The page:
- Wires should be thick and their insulation of ends should be removed properly.
- All the connections should be tight otherwise some external resistance may introduce in the circuit.
- Ammeter must be connected in series with the circuit.
- Voltmeter must be connected in parallel with the circuit.
- Zero mark of ammeter and voltmeter should be checked properly.
- There should be tight connections of connecting wires.
- Put the plug in key, only when reading is to be recorded. Take off plug immediately after it, to avoid unnecessary heating of wires.
- Positive terminals of voltmeter and ammeter should be connected to positive terminal of the cell and vice-versa.
Sources of errors
- There may be a reading error of ammeter and voltmeter.
- Area of cross-section of wire may not be uniform.
- It may be possible that current has flown for longer period of time through the circuit.
- There may be a loose connection in electrical circuit.
Viva Questions and Answers for Ohms law Experiment
Question.1: In this experiment, it is advised to take out the key from the plug when the observations are not being taken. Why?
Answer: It is to avoid the unnecessary heating of wires. Heating may change the resistance of resistors.
Question.2: Suppose the ammeter (or voltmeter) you are using in this experiment do not have positive (+) and negative (-) terminal markings. How will you use such ammeter (or voltmeter) in the circuit?
Answer: First of all we connect ammeter or voltmeter arbitrary in the circuit, if deflection occurs in opposite direction. It means the connection is not proper. Now by interchanging the terminals, we can use it in the circuit.
Question.3: Why is it advised to clean the ends of connecting wires before connecting them?
Answer: Ends of wire should be cleaned to remove the insulation (or insulating layer) of dust particles since, presence of insulation (which is a non- conducting material) wilt not allow current to flow in the circuit.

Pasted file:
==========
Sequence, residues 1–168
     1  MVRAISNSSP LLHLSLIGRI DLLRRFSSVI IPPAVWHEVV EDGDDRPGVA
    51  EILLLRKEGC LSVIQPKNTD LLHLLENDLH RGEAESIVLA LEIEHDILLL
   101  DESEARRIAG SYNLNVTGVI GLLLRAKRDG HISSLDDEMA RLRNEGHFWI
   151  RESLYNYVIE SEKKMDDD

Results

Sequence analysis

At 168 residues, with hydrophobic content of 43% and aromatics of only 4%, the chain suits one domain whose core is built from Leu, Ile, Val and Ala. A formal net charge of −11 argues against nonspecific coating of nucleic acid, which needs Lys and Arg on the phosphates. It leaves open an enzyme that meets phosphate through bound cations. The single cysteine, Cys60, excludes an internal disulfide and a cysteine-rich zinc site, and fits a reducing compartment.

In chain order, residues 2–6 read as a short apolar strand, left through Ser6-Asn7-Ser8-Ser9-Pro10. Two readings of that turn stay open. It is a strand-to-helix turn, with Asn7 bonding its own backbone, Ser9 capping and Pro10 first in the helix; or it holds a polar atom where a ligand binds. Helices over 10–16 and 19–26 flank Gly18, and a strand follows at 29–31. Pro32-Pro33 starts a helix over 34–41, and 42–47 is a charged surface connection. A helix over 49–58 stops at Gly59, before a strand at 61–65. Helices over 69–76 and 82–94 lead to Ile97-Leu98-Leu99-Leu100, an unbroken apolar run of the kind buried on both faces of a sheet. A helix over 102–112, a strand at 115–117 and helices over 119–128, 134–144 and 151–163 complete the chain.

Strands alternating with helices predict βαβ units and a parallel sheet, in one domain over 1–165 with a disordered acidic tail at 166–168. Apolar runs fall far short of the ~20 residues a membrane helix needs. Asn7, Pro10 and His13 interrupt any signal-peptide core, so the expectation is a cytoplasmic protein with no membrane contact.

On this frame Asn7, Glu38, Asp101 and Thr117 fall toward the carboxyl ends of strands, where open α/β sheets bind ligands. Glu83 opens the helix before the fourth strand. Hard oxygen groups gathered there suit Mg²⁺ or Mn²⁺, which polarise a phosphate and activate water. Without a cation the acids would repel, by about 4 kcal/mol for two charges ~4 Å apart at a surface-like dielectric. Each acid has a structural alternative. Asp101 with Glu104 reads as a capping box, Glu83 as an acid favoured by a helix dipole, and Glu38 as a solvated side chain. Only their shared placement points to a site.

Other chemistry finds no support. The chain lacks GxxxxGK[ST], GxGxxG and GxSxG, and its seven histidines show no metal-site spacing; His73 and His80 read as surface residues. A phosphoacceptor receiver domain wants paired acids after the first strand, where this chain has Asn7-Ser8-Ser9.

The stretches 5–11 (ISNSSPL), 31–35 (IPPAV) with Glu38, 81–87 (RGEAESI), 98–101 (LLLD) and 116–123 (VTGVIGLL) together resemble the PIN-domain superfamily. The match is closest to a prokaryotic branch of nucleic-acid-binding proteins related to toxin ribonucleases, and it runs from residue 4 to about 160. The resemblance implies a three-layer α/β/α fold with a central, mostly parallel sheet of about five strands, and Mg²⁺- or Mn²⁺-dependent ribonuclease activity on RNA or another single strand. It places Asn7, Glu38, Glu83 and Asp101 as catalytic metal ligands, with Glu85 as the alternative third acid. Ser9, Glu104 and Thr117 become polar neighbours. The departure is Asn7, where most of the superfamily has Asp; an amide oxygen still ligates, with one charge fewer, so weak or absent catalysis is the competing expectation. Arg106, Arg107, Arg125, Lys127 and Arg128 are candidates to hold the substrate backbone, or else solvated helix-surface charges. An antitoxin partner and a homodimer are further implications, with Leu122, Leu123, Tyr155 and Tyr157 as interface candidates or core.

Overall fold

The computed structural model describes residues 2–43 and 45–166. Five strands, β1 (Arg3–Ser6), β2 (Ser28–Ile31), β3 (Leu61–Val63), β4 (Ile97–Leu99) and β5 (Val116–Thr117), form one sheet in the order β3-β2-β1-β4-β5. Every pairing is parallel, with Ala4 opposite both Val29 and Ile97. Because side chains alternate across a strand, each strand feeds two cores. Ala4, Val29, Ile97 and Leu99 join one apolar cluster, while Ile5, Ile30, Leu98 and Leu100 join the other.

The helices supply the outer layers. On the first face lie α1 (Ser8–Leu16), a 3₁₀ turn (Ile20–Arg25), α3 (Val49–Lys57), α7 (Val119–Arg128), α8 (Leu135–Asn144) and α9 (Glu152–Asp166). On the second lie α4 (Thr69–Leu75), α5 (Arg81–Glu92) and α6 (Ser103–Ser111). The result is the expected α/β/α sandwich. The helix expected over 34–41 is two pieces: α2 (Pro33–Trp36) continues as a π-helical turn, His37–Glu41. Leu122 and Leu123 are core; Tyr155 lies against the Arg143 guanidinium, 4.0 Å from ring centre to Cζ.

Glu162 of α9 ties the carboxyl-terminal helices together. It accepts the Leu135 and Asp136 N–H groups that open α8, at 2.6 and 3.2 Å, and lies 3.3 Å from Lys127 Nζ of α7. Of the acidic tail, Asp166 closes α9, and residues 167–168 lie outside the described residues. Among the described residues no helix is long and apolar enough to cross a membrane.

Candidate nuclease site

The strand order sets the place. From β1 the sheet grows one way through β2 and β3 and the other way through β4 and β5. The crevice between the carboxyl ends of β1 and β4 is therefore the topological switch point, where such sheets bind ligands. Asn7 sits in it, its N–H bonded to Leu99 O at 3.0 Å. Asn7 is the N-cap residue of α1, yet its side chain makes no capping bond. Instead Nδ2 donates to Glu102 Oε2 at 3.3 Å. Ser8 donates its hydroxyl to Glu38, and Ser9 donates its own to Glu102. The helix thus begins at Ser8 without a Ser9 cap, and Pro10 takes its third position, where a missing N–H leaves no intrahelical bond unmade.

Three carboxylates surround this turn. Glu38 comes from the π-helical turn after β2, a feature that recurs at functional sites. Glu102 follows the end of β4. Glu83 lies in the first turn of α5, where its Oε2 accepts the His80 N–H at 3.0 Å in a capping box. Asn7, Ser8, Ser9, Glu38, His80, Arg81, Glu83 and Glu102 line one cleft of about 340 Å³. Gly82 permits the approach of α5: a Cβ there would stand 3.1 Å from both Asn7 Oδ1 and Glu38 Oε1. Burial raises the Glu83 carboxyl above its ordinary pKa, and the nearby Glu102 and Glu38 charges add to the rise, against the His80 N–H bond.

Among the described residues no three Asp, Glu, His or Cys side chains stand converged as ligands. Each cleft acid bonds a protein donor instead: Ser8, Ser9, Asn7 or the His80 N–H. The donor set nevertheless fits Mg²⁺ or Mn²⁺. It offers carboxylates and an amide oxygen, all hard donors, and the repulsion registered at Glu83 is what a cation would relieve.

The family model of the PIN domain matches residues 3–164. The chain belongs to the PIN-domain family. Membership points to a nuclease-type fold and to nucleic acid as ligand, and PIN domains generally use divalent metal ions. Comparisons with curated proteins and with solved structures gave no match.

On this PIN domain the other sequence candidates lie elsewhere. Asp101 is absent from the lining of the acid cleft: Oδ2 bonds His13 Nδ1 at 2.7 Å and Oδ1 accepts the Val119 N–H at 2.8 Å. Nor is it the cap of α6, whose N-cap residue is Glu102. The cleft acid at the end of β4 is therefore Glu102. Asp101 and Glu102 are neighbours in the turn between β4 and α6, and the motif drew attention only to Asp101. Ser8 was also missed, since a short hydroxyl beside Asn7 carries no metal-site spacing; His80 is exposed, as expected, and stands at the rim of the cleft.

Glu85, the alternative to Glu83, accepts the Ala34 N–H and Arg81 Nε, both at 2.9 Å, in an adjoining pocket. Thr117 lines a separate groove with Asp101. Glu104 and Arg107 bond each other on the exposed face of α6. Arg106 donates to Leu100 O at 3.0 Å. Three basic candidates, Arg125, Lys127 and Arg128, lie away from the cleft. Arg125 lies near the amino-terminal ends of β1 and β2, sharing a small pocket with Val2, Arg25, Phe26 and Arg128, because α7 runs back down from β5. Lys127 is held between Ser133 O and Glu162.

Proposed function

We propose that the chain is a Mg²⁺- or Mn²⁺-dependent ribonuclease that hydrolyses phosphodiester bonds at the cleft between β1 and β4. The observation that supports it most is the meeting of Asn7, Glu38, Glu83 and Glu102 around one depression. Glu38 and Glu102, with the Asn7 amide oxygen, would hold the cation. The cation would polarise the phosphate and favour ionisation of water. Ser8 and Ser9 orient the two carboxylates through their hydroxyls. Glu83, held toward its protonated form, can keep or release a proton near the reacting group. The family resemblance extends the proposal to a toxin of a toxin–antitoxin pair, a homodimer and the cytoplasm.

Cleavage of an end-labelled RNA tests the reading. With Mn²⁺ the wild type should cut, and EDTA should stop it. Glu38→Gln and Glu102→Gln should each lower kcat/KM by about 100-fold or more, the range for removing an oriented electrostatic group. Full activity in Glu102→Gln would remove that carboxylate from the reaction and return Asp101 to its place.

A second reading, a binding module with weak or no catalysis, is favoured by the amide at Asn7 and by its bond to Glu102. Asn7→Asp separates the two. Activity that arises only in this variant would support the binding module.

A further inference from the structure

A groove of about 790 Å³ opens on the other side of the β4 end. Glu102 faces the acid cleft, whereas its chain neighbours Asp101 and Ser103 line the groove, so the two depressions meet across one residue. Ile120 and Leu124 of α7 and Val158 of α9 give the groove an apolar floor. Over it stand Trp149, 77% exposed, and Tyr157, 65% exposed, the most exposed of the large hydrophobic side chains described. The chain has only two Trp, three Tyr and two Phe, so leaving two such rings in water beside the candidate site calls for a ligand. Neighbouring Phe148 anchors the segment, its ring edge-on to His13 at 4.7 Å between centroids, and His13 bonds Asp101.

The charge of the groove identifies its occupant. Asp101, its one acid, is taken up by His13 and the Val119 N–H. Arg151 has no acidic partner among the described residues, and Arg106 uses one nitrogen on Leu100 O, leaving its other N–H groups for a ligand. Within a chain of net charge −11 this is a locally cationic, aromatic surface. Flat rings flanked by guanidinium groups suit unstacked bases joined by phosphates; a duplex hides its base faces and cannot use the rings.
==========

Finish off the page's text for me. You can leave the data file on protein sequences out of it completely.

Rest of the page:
Question.4: What do you mean by a battery eliminator?
Answer: A device which is used in place of battery or cells, is known as a battery eliminator.
Question.5: What are the necessary conditions for current flow through the conductor?
Answer: There are two such conditions: there must be a closed circuit and there must be a source of electrical energy.
Question 6: Can you explain why there is no current in the circuit, if plug is removed?
Answer: As we know air gap gives infinite resistance to the circuit. So, if the plug is removed, there will be no current in the circuit.
Question 7: What do you understand by the term resistance of a conductor?
Answer: The resistance of a conductor may simply be explained as being the obstruction offered to the passage of electric current by the conductor in the circuit.
Question 8: What do you understand by the term emf of a cell?
Answer: The maximum potential difference which exists across the terminals of a cell when no current is drawn out of the cell is called emf (electromotive force) of a cell.
Question 9: What do you understand by the term terminal potential difference of a cell?
Answer: The potential difference which exists across the terminals of a cell when current is being drawn from the cell, is known as terminal potential difference of a cell.
Question 10: What is the composition of nichrome alloy?
Answer: The composition of nichrome alloy are as follows: Ni = 68%, Cr = 15%, Fe = 15.5%, Mn = 1.5%